Rapid Response: Do Local History Now

We’ve long advocated for this type of rapid response historical engagement focusing on the present. After all, what happens today will soon enough be in the past. We can’t escape this timeline. Doing contemporary history work (i.e., engaging current events as historical events) is among public historians’ best practices. It demonstrates not only wise forethought and perspicacity, but it also reveals something profound about an organization’s operating philosophy, understanding, and values. [click image to read more]

Local History: The Musical

There’s no reason to believe that the power of transformative theater is only about history’s major events and characters. The art form can also be applied to local history, as is done currently with the Off-Broadway play, Coal Country. [click image to read more]

“De-oldifying” History: Creative Interpretations of How Things Might Have Been

As Ted Turner realized, people have strong opinions about “messing” with these old recordings. Overall, we learned how deeply people abide by originalism. Terms such as, corlorized, digitally remastered, restored, or enhanced, or now in HD tend to flags concerns that the original quality has been compromised. And this is sometimes true, especially when older media has been processed in the hands of less skilled technicians. But new renderings of old media are sometimes remarkably well done technically, artistically, and historically. What’s the harm in improving the quality of a film, photograph, or sound recording? This question should be of critical importance to public historians, especially in the age of digital media. [click image to read more]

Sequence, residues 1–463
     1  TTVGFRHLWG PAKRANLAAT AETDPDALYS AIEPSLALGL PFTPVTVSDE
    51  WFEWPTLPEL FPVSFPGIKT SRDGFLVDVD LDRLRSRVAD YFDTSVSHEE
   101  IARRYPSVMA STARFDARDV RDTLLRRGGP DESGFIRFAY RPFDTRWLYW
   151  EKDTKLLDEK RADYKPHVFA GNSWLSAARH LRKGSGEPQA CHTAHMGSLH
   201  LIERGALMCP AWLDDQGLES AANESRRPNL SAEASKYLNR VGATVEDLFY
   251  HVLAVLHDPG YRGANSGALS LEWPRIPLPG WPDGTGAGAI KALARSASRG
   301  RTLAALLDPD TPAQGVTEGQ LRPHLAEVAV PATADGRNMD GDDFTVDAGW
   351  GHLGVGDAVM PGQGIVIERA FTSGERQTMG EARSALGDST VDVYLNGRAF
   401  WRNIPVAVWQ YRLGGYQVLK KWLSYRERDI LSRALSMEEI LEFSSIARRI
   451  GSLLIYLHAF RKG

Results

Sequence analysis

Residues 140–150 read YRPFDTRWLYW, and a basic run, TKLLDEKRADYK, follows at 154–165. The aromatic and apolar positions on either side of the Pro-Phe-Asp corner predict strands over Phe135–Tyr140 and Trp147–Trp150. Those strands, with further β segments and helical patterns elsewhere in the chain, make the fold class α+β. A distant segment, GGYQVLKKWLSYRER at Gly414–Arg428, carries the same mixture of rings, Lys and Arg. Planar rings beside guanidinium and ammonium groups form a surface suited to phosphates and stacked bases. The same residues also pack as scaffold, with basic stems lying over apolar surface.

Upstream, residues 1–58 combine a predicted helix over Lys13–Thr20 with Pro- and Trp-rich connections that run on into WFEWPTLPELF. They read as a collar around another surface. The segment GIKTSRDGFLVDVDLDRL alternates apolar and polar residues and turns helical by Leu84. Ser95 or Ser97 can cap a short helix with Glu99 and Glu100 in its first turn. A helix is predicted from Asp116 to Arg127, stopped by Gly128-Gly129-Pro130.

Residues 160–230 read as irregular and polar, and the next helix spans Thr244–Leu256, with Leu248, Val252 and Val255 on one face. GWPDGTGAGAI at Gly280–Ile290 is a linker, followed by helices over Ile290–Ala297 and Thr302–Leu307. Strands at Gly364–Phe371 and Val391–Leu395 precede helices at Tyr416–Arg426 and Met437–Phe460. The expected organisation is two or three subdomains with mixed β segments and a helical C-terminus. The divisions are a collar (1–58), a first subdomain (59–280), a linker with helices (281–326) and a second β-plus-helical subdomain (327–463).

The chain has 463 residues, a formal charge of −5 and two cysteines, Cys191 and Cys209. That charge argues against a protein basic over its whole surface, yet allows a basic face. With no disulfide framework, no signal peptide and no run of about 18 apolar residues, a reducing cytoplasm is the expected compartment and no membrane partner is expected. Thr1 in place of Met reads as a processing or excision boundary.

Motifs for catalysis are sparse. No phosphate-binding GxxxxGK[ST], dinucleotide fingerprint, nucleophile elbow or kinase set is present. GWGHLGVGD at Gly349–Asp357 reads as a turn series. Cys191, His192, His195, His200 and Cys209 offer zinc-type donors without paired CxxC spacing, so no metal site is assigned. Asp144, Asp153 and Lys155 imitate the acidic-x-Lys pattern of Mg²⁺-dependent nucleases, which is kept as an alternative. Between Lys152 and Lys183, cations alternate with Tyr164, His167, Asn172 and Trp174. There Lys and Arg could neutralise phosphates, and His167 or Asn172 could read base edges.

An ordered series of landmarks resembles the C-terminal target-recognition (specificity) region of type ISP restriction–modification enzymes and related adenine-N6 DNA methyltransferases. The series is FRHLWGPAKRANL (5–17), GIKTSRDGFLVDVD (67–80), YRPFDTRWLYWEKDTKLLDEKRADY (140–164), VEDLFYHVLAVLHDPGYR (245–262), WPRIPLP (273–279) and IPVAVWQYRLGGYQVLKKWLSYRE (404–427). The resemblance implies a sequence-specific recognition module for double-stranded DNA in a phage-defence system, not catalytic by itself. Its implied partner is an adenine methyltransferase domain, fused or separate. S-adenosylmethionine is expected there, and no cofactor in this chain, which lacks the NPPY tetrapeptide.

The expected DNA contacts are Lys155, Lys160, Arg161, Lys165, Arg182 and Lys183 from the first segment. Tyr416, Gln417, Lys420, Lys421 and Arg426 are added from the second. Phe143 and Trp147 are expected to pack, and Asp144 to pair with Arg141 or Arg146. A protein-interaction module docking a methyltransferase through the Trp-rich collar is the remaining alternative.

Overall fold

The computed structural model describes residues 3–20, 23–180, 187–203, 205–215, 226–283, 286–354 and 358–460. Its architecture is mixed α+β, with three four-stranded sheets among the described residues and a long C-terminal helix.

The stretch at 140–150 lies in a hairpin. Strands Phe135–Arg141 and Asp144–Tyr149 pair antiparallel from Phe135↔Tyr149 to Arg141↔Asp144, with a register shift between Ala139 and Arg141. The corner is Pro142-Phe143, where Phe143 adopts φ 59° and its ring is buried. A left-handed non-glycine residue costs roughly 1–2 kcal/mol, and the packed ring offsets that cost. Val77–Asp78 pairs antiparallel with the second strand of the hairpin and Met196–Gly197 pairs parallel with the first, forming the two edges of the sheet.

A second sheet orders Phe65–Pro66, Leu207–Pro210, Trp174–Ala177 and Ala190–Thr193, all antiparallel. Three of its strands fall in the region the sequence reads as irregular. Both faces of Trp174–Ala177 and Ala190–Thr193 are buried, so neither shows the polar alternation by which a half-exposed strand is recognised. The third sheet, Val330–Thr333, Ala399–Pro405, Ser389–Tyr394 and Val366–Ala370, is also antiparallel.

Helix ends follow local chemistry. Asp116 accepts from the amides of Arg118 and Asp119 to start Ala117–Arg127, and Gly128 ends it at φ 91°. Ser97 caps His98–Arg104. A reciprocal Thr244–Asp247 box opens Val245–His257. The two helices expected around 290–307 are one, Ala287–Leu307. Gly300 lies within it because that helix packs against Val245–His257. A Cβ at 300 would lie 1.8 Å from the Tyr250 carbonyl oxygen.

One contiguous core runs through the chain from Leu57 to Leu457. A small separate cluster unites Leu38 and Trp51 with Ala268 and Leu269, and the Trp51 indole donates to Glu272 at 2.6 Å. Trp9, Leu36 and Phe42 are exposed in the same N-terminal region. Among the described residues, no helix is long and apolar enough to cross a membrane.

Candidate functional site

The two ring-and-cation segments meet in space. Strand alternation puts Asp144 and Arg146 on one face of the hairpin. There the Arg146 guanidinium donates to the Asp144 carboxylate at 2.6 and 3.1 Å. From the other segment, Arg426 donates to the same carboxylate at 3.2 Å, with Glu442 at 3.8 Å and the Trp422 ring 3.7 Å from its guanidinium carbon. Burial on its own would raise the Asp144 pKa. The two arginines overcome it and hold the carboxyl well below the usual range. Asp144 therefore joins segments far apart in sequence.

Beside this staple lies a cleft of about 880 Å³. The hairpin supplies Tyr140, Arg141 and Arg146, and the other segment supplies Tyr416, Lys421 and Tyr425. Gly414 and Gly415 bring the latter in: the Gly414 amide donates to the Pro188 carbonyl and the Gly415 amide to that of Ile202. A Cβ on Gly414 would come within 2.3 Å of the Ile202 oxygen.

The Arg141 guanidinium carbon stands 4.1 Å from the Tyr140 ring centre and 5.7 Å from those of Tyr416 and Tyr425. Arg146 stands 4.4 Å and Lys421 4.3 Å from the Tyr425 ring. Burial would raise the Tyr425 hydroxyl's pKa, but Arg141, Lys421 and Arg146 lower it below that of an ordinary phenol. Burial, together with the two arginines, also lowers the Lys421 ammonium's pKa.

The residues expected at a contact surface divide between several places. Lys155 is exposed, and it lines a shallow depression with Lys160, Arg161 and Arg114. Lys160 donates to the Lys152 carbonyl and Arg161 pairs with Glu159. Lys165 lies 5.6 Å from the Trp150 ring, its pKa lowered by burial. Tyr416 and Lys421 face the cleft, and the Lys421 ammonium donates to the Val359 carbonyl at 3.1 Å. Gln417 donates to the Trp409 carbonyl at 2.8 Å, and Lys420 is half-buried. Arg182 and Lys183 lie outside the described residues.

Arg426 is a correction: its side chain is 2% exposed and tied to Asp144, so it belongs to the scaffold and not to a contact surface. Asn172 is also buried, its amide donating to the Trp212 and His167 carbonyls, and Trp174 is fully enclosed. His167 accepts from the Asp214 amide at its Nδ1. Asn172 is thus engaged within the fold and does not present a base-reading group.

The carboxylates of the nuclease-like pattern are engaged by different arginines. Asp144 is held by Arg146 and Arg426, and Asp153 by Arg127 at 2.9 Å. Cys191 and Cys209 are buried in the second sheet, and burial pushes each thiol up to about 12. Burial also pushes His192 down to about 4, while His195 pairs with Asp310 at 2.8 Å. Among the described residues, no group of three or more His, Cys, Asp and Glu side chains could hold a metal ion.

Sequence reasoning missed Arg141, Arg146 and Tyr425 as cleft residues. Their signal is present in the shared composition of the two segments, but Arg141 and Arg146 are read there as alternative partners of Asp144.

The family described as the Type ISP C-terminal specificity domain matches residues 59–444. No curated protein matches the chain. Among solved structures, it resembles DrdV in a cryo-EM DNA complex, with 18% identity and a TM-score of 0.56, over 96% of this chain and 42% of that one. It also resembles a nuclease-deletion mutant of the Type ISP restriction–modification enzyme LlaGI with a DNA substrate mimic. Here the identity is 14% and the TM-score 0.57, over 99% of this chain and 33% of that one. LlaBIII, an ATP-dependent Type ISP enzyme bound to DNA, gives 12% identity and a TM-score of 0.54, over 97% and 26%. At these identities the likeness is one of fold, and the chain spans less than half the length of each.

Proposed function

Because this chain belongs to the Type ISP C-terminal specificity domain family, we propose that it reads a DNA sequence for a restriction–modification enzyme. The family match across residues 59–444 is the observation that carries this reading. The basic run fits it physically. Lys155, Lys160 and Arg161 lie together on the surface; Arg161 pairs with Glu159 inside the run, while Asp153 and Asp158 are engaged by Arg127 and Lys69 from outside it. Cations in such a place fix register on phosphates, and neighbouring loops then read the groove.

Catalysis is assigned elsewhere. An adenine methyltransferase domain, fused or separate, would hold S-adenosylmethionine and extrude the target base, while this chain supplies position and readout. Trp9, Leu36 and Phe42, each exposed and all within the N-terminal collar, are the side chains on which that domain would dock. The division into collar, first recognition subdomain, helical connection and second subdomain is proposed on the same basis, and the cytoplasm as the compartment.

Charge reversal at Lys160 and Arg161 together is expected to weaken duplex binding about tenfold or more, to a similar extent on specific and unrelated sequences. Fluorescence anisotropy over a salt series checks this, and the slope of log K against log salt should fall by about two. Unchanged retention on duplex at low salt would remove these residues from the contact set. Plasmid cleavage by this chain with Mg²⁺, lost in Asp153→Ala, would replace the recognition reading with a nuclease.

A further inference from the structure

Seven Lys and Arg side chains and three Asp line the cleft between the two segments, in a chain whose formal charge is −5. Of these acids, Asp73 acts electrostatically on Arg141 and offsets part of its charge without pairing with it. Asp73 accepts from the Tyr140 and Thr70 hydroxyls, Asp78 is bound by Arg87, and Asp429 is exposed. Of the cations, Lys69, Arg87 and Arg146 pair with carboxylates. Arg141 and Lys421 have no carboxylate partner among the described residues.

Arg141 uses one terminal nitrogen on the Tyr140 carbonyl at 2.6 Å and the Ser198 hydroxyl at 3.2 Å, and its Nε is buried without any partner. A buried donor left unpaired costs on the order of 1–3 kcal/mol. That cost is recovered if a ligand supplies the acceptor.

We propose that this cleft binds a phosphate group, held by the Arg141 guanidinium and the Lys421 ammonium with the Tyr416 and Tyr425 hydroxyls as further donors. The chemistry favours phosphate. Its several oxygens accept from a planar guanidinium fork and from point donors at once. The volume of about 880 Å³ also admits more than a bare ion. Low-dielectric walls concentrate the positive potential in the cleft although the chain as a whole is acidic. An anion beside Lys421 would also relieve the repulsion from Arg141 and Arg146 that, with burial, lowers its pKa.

Watermarking History: Laying Claim to the Public Domain

Any history organization—of any size or budget—with online access can now present their historical photographs to the world. Such abundance of readily accessible local history photographs on the internet is remarkable, and only made available through the democratization of digital media. Moreover, these photographs can be used in exciting new ways to educate, entertain, and inspire the public to take an interest in local history. But legally speaking, many of these local history photo archives contain images that are in the public domain, and anyone may use these images free and clear of any restrictions–including watermarking them and publishing them elsewhere on the internet. But is this ethical? [click image to read more]

Recognizing What Women Done Did: Women’s Roles in History:

Let’s make some attempt to recognize the full spectrum of women’s history, not just the overly exposed highlights that might fit neatly into a 5th grade history book. The history of women as sex workers doesn’t have to be “celebrated,” but it should not be muted either by those who find the topic more unseemly than the historic violence of warfare or the historic vileness of racism and slavery–topics which are typically on full graphic display in museums but presented appropriately and in context by skilled and thoughtful public historians.

Stories of . . . History